Kyrgyzstan and Tajikistan improve border co-operation
Reza Gul: A symbol of courage and resistance
Peshawar massacre survivors vow to defy Taliban
Kazakh government to fuel small businesses with oil revenues
Police to control weapons traffic in Kyrgyzstan
The Ministry of Internal Affairs has proposed amendments to the law on weapons that will tighten controls on the circulation of award and all other types of weapons in the country.
KYRGYZSTAN ― An incident in 2007 that involved a weapon awarded to former Kyrgyz Minister of Foreign Affairs Alikbek Jekshenkulov that law enforcement authorities claim was used to kill a Turkish businessman, sparked a heated debate in the country about the need for weapons registration, particularly those presented as awards from the prime minister.
The Ministry of Internal Affairs asserts that there have been more than 1,300 such awards since independence, but the law on weapons contains no provisions controlling their circulation. As a result, the ministry has proposed amendments to the law, that if endorsed by parliament, will require owners of awarded weapons to present them for inspection every five years and renew their ownership licences every three years and they will not be entitled to sell them.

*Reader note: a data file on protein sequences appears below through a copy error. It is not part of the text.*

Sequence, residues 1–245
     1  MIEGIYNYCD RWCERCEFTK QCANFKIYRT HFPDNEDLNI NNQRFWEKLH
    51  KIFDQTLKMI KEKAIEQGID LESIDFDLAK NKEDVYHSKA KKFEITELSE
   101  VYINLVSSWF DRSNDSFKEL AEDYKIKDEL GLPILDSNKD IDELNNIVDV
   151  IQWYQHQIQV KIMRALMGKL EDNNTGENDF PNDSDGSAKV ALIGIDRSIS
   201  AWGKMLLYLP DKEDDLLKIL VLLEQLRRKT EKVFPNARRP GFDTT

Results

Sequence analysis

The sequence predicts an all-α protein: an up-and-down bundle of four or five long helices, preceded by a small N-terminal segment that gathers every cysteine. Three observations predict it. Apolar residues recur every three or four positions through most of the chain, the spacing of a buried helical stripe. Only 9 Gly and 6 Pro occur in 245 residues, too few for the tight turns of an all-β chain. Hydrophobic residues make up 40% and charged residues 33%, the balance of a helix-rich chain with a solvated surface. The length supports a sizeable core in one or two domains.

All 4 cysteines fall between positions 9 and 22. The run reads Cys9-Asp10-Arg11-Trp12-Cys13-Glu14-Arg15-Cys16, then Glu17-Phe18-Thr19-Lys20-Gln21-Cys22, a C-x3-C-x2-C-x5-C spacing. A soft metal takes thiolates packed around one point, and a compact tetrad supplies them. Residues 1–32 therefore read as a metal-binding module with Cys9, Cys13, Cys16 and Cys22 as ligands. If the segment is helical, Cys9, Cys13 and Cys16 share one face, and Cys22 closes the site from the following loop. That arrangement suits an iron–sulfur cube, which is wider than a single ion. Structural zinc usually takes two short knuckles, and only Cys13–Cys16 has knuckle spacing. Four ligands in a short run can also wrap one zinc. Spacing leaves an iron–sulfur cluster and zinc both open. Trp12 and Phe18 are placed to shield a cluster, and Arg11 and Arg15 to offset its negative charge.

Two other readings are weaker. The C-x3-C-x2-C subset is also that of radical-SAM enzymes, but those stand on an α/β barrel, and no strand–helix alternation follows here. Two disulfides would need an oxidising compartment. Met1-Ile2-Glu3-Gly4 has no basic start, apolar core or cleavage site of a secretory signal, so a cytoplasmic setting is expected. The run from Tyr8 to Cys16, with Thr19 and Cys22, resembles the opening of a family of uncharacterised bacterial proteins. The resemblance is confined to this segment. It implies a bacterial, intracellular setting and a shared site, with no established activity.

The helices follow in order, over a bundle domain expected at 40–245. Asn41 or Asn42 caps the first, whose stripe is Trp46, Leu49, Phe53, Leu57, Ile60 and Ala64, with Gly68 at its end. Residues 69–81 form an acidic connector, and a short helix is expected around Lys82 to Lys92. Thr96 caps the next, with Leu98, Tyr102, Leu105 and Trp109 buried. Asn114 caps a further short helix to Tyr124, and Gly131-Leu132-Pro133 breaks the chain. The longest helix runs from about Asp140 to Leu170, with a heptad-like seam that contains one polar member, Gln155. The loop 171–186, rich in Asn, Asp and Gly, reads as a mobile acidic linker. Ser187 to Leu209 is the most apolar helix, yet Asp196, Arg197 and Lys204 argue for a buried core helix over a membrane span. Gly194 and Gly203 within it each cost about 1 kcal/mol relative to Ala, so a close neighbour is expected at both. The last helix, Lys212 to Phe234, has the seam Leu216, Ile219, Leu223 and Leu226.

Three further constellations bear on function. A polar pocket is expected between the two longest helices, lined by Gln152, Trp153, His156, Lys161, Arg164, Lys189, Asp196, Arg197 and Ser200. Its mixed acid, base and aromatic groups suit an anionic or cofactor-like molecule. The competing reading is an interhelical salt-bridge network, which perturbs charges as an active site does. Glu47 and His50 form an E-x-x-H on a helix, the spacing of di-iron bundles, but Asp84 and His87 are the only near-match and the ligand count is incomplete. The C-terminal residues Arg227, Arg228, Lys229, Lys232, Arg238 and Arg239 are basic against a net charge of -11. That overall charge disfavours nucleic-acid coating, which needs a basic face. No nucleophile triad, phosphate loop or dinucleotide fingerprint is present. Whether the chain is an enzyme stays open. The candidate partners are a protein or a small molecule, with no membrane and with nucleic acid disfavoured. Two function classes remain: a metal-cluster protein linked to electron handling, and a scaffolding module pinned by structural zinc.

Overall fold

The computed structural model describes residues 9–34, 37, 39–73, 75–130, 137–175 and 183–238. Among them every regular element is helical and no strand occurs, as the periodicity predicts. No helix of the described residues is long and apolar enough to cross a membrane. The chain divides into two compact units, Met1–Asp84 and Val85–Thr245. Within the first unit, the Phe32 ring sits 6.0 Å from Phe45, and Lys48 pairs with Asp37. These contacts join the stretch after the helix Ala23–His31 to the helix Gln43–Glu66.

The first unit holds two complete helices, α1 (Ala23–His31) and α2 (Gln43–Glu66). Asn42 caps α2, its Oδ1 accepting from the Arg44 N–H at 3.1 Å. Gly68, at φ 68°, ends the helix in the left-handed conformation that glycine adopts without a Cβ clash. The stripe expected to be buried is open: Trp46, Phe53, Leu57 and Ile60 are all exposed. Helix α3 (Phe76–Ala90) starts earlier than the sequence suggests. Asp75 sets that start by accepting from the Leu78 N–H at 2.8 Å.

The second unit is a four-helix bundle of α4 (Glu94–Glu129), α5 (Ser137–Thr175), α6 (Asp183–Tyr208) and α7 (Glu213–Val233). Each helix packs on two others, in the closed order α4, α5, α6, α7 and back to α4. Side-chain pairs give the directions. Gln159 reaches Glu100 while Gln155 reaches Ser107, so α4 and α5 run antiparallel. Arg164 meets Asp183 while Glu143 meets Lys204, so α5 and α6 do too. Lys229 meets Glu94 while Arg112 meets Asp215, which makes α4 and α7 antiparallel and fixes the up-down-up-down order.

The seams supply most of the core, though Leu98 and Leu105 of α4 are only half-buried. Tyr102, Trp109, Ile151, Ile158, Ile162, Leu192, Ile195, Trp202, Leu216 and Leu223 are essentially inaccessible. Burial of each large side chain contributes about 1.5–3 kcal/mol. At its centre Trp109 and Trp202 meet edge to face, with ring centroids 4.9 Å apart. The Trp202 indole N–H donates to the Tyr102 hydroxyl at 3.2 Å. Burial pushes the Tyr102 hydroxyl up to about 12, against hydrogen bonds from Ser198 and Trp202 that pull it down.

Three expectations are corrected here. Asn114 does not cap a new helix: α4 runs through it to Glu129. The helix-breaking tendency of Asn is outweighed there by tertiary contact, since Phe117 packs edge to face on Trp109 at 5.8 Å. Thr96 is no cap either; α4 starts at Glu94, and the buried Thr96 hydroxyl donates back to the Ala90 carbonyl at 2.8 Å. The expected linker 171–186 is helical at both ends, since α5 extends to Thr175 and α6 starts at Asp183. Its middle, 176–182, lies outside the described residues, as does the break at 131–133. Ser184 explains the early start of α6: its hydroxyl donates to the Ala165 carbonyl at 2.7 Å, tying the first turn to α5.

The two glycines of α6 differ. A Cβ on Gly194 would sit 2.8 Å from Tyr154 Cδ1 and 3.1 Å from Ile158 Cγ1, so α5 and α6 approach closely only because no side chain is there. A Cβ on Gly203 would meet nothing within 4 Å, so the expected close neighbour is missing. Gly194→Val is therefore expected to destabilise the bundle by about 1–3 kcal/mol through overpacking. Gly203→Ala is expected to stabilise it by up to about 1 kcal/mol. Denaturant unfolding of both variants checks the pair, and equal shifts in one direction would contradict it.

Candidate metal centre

Few awarded weapons have been registered to date, and representatives of law enforcement agencies believe the time has come not only to make registration a requirement, but also to change the procedure by which weapons are awarded by the government. Previously, awards of weapons were issued exclusively by the prime minister, but the Ministry of the Interior has proposed that they be granted only with the approval of the entire cabinet.
The ministry also seeks to make registration of hunting weapons compulsory. There are more than 30,000 weapons of this kind in Kyrgyzstan. According to Deputy Internal Affairs Minister Talantbek Isayev, an order cancelling the right of legal entities to acquire 100 firearms has already been signed. “During an investigation, it was established that many private companies obtain firearms without registering them,” Isayev stated.
A study by the Institute of International Studies in Geneva, Switzerland entitled, “Kyrgyzstan: a firearms anomaly in Central Asia,” reports that law enforcement authorities confiscated around 5,000 illegal firearms in Kyrgyzstan between 1999 and 2003.